Phillip L Hammack

TitleAssociate Professor
DivisionSocial Sciences Division
DepartmentPsychology Department,
Stevenson College,
College Ten
Web Site
OfficeSocial Sciences 2, Room 333
Office HoursTuesday 1:30 - 3pm (Fall 2014)
Campus Mail StopPsychology Faculty Services
picture of Phillip L Hammack

Research Interests

Professor Hammack’s research broadly investigates identity and politics, particularly the way in which social categorization places individuals in states of relative power and privilege in societies. In one line of inquiry, he considers the impact of sexual stigma and cultural heterosexism on the development of sexual minority youth in the United States. In another, he considers how narrative and identity contribute to the intractability of political conflict among Israelis and Palestinians. Central to both of these programs of research is a commitment to producing transformative knowledge that might work for equality and social justice.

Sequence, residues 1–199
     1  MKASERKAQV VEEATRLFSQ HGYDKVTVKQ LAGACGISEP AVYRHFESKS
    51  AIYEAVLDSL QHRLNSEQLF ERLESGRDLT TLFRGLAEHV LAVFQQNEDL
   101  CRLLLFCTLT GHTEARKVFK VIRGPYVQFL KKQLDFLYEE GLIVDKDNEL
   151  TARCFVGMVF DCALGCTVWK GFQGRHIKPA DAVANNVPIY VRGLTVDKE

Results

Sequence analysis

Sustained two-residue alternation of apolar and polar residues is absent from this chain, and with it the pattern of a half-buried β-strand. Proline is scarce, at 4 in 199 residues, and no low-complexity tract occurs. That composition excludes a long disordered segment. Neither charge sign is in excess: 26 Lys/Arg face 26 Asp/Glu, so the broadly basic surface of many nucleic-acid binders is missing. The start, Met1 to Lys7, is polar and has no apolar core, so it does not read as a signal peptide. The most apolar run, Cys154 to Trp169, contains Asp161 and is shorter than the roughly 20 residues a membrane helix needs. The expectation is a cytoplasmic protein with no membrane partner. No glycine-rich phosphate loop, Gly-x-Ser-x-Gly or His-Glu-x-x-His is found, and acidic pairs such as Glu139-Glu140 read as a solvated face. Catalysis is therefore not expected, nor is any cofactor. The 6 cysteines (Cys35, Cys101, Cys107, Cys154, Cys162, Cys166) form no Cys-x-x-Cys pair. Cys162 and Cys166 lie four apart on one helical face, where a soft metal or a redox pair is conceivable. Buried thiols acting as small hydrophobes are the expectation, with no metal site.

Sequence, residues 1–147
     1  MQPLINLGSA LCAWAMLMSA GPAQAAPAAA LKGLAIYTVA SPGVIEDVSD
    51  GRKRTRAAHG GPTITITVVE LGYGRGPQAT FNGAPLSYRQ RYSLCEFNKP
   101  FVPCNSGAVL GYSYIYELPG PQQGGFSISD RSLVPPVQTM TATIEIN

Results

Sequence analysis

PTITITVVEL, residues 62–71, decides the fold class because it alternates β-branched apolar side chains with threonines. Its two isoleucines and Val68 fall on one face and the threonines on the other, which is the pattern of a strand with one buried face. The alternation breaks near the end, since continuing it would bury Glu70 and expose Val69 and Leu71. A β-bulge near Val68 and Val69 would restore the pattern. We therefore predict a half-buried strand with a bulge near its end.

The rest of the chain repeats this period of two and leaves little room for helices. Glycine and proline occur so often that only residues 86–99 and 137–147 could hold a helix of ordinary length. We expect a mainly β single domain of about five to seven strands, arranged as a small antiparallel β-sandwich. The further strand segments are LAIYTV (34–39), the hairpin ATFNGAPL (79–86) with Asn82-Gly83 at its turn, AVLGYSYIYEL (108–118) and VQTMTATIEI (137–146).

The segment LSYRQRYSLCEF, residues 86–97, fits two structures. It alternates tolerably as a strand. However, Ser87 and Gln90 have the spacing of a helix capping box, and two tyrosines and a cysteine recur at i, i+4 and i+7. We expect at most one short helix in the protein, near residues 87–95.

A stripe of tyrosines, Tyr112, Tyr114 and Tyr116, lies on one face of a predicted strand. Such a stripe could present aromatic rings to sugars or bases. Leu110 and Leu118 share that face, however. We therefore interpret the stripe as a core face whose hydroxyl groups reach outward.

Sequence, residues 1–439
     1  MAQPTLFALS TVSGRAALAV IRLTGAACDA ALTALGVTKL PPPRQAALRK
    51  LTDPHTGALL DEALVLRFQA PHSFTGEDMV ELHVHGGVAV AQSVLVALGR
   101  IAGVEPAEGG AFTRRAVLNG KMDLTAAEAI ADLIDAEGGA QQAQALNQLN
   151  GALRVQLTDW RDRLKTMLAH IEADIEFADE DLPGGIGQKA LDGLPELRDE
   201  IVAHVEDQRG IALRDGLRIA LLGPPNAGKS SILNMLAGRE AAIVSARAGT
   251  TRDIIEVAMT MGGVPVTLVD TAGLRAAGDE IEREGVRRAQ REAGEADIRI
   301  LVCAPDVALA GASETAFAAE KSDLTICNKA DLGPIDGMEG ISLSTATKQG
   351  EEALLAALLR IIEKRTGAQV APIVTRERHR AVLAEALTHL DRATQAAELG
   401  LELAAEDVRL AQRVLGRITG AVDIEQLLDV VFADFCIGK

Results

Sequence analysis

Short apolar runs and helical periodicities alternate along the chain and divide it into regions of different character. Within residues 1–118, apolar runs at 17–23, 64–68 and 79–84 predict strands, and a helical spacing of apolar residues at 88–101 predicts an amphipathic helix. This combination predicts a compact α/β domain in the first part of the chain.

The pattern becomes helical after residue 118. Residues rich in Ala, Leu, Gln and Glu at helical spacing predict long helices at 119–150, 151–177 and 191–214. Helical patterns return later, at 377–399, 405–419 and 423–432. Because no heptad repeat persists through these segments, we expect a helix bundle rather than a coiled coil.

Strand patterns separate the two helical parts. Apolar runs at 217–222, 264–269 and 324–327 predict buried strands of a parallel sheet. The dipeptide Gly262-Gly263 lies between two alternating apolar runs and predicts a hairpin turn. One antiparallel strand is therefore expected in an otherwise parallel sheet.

Professor Hammack is also interested in issues of history, theory, and paradigm in the discipline of psychology (especially social, cultural, and political psychology) and conducts historical research on the discipline, especially in relation to public policy.

Biography, Education and Training

PhD, University of Chicago

MA, Loyola University, Chicago

AB, Georgetown University

Honors, Awards and Grants

William T. Grant Foundation Scholar Award (2013-2018)

Erik Erikson Early Career Award, International Society of Political Psychology (2013)

Ed Cairns Early Career Award, American Psychological Association, Division 48 (2012)

Spencer Postdoctoral Fellow Award (2011-2012)

Louise Kidder Early Career Award, American Psychological Association, Division 9 (SPSSI) (2011)

National Science Foundation, Planning Visit Grant (2009-2010)

United States Institute of Peace, Peace Scholar Dissertation Fellowship (2006)

Spencer Foundation Dissertation Fellowship (2005)

Courses Taught

PSYC 140H: Sexual Identity & Society (Fall 2014)
PSYC 211A: Proseminar in Social Psychology I - Social Justice and the Individual (Fall 2014)